Eighteen years ago years ago, after reporting on the benefit of vaginal Sildenafil (Viagra) for to women who had implantation dysfunction due to thin endometrial linings I was proud to announce the birth of the world’s first “Viagra baby.” Since the introduction of this form of treatment, thousands of women with thin uterine linings have been reported treated and many have gone on to have babies after repeated prior IVF failure.

    For those of you who aren’t familiar with the use of Viagra in IVF, allow me to provide some context. It was in the 90’s that Sildenafil (brand named Viagra) started gaining popularity as a treatment for erectile dysfunction. The mechanism by which it acted was through increasing penile blood flow through increasing nitric oxide activity. This prompted me to investigate whether Viagra administered vaginally, might similarly improve uterine blood flow and in the process cause more estrogen to be delivered to the basal endometrium and thereby increase endometrial thickening. We found that when Viagra was administered vaginally it did just that! However oral administration was without any significant benefit in this regard. We enlisted the services of a compound pharmacy to produce vaginal Viagra suppositories. Initially, four (4) women with chronic histories of poor endometrial development and failure to conceive following several advanced fertility treatments were evaluated for a period of 4-6 weeks and then underwent IVF with concomitant Viagra therapy. Viagra suppositories were administered four times daily for 8-11 days and were discontinued 5-7 days prior to embryo transfer in all cases.

    Our findings clearly demonstrated that vaginal Viagra produced a rapid and profound improvement in uterine blood flow and that was followed by enhanced endometrial development in all four cases. Three (3) of the four women subsequently conceived. I expanded the trial in 2002 and became the first to report on the administration of vaginal Viagra to 105 women with repeated IVF failure due to persistently thin endometrial linings. All of the women had experienced at least two (2) prior IVF failures attributed to intractably thin uterine linings. About 70% of these women responded to treatment with Viagra suppositories with a marked improvement in endometrial thickness. Forty five percent (45%) achieved live births following a single cycle of IVF treatment with Viagra The miscarriage rate was 9%. None of the women who had failed to show an improvement in endometrial thickness following Viagra treatment achieved viable pregnancies.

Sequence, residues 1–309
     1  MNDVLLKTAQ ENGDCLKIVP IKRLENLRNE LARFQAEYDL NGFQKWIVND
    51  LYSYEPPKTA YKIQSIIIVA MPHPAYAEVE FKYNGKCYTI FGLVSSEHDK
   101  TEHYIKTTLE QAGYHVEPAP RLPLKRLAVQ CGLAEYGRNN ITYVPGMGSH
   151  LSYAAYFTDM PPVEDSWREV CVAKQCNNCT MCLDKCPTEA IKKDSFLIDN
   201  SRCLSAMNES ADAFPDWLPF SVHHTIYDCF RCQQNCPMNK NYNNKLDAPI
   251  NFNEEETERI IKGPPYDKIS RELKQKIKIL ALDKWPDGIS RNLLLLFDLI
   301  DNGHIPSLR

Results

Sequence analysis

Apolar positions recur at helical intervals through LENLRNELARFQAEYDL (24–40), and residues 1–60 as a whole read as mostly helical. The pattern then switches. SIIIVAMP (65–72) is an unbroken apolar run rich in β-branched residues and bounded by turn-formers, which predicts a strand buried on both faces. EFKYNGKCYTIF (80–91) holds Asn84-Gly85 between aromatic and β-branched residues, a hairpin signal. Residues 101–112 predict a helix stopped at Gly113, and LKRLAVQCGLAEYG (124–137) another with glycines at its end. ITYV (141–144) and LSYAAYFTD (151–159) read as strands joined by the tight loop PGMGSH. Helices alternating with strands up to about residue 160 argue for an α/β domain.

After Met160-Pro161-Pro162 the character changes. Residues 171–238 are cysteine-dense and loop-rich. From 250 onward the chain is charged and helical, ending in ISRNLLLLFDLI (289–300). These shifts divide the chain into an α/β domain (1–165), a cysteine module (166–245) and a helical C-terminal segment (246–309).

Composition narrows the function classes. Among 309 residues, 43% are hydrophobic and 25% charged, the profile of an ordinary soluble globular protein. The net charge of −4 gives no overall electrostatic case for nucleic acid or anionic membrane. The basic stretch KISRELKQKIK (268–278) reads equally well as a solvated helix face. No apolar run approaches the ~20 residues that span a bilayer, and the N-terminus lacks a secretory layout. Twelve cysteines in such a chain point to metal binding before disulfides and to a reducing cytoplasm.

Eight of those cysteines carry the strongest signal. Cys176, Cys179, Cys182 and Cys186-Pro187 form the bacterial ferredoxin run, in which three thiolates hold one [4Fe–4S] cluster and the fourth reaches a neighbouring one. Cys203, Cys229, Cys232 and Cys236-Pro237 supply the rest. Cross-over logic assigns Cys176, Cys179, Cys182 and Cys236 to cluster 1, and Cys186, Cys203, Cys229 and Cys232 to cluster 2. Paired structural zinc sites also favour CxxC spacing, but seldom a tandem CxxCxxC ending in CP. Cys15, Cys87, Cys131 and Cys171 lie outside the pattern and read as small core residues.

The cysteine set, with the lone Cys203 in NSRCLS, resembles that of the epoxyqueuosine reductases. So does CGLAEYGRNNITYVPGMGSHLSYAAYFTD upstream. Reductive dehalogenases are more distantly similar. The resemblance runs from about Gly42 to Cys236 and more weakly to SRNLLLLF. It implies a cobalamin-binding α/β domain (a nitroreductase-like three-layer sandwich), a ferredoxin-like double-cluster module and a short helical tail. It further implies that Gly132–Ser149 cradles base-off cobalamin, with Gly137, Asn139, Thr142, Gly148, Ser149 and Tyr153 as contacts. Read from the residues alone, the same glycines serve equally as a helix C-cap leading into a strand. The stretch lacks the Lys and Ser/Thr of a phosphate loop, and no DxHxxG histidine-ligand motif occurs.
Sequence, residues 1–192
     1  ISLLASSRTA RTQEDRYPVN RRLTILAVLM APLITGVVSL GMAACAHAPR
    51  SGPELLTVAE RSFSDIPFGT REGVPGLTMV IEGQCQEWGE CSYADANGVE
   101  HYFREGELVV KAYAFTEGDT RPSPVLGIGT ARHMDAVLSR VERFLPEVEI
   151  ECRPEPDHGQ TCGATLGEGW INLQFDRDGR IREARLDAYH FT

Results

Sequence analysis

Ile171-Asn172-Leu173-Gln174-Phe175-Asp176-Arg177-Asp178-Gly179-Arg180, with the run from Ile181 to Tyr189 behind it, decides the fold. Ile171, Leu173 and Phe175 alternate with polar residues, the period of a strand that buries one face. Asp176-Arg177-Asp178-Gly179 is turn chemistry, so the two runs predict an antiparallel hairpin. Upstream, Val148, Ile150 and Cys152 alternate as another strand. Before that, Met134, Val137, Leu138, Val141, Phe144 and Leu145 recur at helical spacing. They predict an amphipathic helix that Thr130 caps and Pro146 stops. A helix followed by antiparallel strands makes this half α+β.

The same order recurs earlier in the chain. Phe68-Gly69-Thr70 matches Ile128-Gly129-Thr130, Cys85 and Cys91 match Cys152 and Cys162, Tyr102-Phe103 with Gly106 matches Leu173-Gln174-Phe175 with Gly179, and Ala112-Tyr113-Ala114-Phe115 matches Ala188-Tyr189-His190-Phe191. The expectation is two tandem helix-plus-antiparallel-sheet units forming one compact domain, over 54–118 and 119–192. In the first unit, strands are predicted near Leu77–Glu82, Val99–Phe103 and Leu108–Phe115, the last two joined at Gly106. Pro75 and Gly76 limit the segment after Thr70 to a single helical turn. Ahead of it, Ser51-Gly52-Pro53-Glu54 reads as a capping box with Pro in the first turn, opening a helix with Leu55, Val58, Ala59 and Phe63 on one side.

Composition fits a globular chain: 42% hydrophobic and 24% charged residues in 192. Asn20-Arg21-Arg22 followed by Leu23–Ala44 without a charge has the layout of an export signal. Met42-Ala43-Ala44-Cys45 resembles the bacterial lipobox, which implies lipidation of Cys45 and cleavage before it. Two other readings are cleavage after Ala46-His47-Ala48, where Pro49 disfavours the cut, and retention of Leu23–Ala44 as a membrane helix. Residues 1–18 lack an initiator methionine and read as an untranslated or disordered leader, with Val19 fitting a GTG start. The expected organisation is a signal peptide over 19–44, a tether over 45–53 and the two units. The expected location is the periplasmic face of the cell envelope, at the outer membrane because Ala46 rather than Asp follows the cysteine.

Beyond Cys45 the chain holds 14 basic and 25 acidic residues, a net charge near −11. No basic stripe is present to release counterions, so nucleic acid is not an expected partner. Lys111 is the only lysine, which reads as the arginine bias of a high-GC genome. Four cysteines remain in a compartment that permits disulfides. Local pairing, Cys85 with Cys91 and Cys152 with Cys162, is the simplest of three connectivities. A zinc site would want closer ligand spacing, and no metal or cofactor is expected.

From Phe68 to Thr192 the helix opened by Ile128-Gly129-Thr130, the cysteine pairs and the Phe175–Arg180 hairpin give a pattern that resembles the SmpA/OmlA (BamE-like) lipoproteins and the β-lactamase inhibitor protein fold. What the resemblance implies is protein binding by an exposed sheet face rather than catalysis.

Following vaginal administration, Viagra is rapidly absorbed and quickly reaches the uterine blood system in high concentrations. Thereupon it dilutes out as it is absorbed into the systemic circulation. This probably explains why treatment is virtually devoid of systemic side effects

    It is important to recognize that Viagra will NOT be effective in improving endometrial thickness in all cases. In fact, about 30%-40% of women treated fail to show any improvement. This is because in certain cases of thin uterine linings, the basal endometrium will have been permanently damaged and left unresponsive to estrogen. This happens in cases of severe endometrial damage due mainly to post-pregnancy endometritis (inflammation), chronic granulomatous inflammation due to uterine tuberculosis (hardly ever seen in the United States) and following extensive surgical injury to the basal endometrium (as sometimes occurs following over-zealous D&C’s).

    Combining vaginal Viagra Therapy with oral Terbutaline;
    In my practice I sometimes recommend combining Viagra administration with 5mg of oral terbutaline. The Viagra relaxes the muscle walls of uterine spiral arteries that feed the basal (germinal) layer of the endometrium while Terbutaline, relaxes the uterine muscle through which these spiral arteries pass. The combination of these two medications interacts synergistically to maximally enhance blood flow through the uterus, thereby improving estrogen delivery to the endometrial lining. The only drawback in using Terbutaline is that some women experience agitation, tremors and palpitations. In such cases the terbutaline should be discontinued. Terbutaline should also not be used women who have cardiac disease or in those who have an irregular heartbeat.
    About 75% of women with thin uterine linings see a positive response to treatment within 2-3 days. The ones that do not respond well to this treatment are those who have severely damaged inner (basal/germinal) endometrial linings, such that no improvement in uterine blood flow can coax an improved response. Such cases are most commonly the result of prior pregnancy-related endometrial inflammation (endometritis) that sometimes occurs post abortally or following infected vaginal and/or cesarean delivery.
    Viagra therapy has proven to be a god send to thousands of woman who because of a thin uterine lining would otherwise never have been able to successfully complete the journey “from infertility to family”.